Aimee Patton

A pleasantly eccentric take on politics

The Kansas Supreme Court issued a decision this morning that found Kansas lawmakers were funding Kansas public schools at unconstitutionally low levels.

The Kansas Supreme Court decided Thursday to give the state until June 30 to enact an “equitable” school funding formula. If it doesn’t, the state’s public schools won’t open for the 2016-2017 school year, it said.

In its ruling, the court said that if the Legislature fails to have a formula in place by June 30, the court will decide that “no constituionally valid school finance system exists.”

The ruling affirms a Court of Appeals decision that the state had failed to correct constitutional inequities in the state’s school funding system. The three-judge appeals panel said the state’s block grant system had shorted public schools by $54 million.

“Without a constitutionally equitable school finance system, the schools in Kansas will be unable to operate beyond June 30,” the Supreme Court court said.

Read More Here


The Kansas lawmakers were quick to respond and will soon roll out their new funding formula.  Instead of the Block Grant Formula they have been currently using, they will be unveiling their Xanax-Popping Formula this spring.

“The Xanax-Popping Formula is simple really.  The math problem we use to determine what districts get funding is so complex that it forces the reader to have to use a Xanax to calm down their brain.  It is beyond interpretation and therefore can’t be found to be unconstitutional,” said an anonymous lawmaker.

Lawmakers were confident that the courts could not interpret the new funding formula, because of the complexity and the need for Xanax. There would be no issues going forward.

Lawmakers aren’t concerned  about the June 30th deadline, because the Xanax-Popping Formula has been in the works for some time.  Lawmakers are relieved to roll out this new formula. Ultimately, even with this new formula, funding will remain the same-unconstitutionally low.

The distribution of Xanax to teachers and parents to tolerate the new formula will take place when Girl Scout cookies are delivered this spring.




2 thoughts on “KS Courts Rule Ed Funding Unconstitutionally Low – Lawmakers Respond With New Formula

  1. Michael Box says:

    Clearly the idea that schools can’t open is an easy read. Believe me it is the wrong read. This is a case in equity. Courts do not randomly & robustly exercise that power. This appears to be the classic case of the Court pulling out the shotgun and showing it to the Legislature.

    Read that opinion again. The Court went on at length why the Court of Appeals did not need, on their own motion (*sua sponte*) join certain parties. Those parties are subject to contempt proceedings if they fail to enforce the order of the Court.

    The Court went on at length comparing this situation to the redistricting maps in the *Essex *case. They said “It [the three judge panel of federal judges] acknowledged its remedial powers as a court in equity, stating these powers are “broad” but “limited ‘to remedies required by the nature and scope of the violation.'”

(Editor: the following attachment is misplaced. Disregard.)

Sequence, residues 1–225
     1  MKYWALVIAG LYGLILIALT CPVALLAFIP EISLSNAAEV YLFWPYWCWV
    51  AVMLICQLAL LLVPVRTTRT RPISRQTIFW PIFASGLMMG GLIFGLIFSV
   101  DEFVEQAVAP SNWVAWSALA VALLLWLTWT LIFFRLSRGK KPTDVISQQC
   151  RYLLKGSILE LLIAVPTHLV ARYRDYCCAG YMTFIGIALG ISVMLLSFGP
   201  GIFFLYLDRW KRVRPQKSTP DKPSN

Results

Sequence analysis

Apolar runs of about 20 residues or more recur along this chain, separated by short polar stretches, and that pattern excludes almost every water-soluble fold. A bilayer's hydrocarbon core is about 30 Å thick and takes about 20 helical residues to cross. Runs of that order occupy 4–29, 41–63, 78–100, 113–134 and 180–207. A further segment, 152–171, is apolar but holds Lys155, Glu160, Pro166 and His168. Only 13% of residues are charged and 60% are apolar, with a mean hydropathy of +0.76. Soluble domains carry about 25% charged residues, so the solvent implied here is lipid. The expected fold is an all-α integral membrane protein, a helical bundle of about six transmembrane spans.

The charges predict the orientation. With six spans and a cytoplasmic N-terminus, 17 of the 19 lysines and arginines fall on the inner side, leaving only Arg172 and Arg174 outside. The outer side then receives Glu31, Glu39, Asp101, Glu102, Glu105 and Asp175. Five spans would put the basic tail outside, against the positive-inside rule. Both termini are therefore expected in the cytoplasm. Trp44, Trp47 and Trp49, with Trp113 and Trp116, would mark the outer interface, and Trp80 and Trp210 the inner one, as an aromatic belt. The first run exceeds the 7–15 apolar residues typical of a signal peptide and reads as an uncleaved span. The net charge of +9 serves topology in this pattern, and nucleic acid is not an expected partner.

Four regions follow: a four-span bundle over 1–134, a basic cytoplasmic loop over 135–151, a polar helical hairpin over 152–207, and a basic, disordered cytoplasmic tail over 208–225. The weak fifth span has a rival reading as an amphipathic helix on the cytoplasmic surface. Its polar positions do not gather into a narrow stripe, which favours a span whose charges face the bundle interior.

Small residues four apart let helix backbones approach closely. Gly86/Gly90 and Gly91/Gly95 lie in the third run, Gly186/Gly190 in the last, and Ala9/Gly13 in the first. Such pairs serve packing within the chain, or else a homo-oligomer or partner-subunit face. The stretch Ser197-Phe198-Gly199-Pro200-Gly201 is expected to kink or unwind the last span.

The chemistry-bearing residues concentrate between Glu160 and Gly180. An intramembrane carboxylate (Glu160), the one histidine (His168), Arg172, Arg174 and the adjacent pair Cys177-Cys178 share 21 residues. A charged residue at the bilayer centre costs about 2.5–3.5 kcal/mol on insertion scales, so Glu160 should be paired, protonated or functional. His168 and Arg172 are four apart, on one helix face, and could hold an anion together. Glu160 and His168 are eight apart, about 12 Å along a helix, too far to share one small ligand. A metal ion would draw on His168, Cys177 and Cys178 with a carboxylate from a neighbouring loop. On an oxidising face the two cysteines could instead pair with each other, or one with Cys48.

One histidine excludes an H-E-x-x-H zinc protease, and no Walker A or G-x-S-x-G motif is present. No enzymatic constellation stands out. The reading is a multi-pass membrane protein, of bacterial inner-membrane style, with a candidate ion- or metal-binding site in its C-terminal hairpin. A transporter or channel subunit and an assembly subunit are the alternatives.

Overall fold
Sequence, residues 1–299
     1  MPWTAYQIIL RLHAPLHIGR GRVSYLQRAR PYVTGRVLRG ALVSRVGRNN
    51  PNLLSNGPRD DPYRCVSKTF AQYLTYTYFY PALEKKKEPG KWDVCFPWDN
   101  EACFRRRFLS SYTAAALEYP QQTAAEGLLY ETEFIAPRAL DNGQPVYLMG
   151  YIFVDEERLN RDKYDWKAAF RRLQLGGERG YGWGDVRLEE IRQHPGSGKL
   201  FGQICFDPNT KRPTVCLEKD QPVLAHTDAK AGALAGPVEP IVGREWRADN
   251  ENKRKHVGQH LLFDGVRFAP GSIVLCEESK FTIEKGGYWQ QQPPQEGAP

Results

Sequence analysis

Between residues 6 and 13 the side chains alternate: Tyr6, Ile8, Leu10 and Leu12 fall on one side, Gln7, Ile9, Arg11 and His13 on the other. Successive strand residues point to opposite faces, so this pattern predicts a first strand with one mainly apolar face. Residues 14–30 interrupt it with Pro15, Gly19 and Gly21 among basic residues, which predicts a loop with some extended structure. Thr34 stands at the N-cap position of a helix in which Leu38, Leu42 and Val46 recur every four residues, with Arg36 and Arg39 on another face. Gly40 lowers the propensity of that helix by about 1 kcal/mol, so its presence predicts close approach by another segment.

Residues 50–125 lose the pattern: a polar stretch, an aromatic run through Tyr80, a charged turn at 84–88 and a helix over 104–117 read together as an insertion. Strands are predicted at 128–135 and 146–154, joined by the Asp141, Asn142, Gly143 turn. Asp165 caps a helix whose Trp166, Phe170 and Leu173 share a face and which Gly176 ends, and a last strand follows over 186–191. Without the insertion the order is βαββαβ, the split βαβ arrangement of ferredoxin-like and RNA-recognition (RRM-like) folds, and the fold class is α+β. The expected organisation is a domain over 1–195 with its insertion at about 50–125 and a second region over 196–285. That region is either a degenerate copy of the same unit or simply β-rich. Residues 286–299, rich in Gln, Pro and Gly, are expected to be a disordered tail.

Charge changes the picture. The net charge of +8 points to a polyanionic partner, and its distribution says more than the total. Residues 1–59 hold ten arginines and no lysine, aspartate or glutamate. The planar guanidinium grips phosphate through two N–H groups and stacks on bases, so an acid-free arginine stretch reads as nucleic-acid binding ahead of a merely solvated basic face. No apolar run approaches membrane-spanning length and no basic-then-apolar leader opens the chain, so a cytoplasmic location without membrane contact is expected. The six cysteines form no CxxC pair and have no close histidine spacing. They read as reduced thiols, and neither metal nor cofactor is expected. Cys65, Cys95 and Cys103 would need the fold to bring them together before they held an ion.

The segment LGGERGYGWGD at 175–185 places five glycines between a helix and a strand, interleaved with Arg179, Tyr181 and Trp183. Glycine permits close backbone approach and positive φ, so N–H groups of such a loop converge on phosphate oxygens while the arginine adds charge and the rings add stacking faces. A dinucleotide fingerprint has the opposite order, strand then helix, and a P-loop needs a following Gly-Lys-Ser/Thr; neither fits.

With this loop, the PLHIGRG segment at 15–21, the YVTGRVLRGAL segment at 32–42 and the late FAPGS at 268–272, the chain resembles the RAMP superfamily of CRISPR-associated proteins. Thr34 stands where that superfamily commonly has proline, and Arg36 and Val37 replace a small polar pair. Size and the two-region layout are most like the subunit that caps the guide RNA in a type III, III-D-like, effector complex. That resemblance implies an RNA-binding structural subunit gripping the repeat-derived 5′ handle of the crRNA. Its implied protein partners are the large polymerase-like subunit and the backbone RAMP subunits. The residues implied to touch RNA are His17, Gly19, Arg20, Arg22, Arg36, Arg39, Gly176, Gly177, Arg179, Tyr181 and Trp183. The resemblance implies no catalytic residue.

Now read Article §6(b): “The legislature shall make suitable provision for finance of the educational interests of the state.” Not providing for the finance of our schools is not suitable nor is not having the schools open for instructing our children.

    Back to the opinion the Court clearly tells the Legislature they have a number of ways to suitably finance education in a fashion that passes Constitutional muster. They even suggested (as in *hint hint*) a return to the previous funding formula.

    Then the Court elaborated about the lose lose situation of no Constitutionally firm method in place and alluded to a case in Arkansas. Then comes the explanation of how this clouded system of funding can be enjoined and how schools could fail to operate under the suspect funding formula employed by the Legislature. A reasonable mind can conclude that the schools would close.

    I believe all of this talk about the equitable power of the Court to fashion its own remedy, as the federal panel did in *Essex*, how the Constitutional Officers are subject to proceedings in contempt, and how a Constitutionally defective funding system signals the green light to a judicial remedy if the Legislature fails to do its duty. Push has come to shove, if the Legislature wallows in its pride and continues to govern in a fashion detached from both our Constitution and reality then the Courts will provide the funding by fashioning a remedy that is not defective.

    The schools, if they close during the summer, won’t be closed for long.

    Michael Box

    On Thu, Feb 11, 2016 at 1:39 PM, Aimee Patton wrote:

    > Aimee Patton posted: “The Kansas Supreme Court issued a decision this > morning that found Kansas lawmakers were funding Kansas public schools at > unconstitutionally low levels. The Kansas Supreme Court decided Thursday to > give the state until June 30 to enact an “equitable” s” >

  2. eugenevdebs3 says:

    So if the schools can’t open, do all the kids have to go to private schools or get home schooled?

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